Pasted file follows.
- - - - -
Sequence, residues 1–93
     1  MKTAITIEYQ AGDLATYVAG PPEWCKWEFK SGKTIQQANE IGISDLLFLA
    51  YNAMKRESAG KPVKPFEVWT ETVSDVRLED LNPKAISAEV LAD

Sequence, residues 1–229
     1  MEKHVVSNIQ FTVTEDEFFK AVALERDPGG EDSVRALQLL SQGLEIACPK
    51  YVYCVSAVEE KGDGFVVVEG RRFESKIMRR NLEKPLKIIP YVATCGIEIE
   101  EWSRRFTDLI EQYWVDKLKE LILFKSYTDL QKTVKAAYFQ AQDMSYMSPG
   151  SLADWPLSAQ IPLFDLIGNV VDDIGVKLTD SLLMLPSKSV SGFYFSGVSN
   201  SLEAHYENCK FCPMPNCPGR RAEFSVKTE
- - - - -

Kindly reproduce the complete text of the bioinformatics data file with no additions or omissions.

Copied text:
Sequence, residues 1–93
     1  MKTAITIEYQ AGDLATYVAG PPEWCKWEFK SGKTIQQANE IGISDLLFLA
    51  YNAMKRESAG KPVKPFEVWT ETVSDVRLED LNPKAISAEV LAD

Sequence, residues 1–229
     1  MEKHVVSNIQ FTVTEDEFFK AVALERDPGG EDSVRALQLL SQGLEIACPK
    51  YVYCVSAVEE KGDGFVVVEG RRFESKIMRR NLEKPLKIIP YVATCGIEIE
   101  EWSRRFTDLI EQYWVDKLKE LILFKSYTDL QKTVKAAYFQ AQDMSYMSPG
   151  SLADWPLSAQ IPLFDLIGNV VDDIGVKLTD SLLMLPSKSV SGFYFSGVSN
   201  SLEAHYENCK FCPMPNCPGR RAEFSVKTE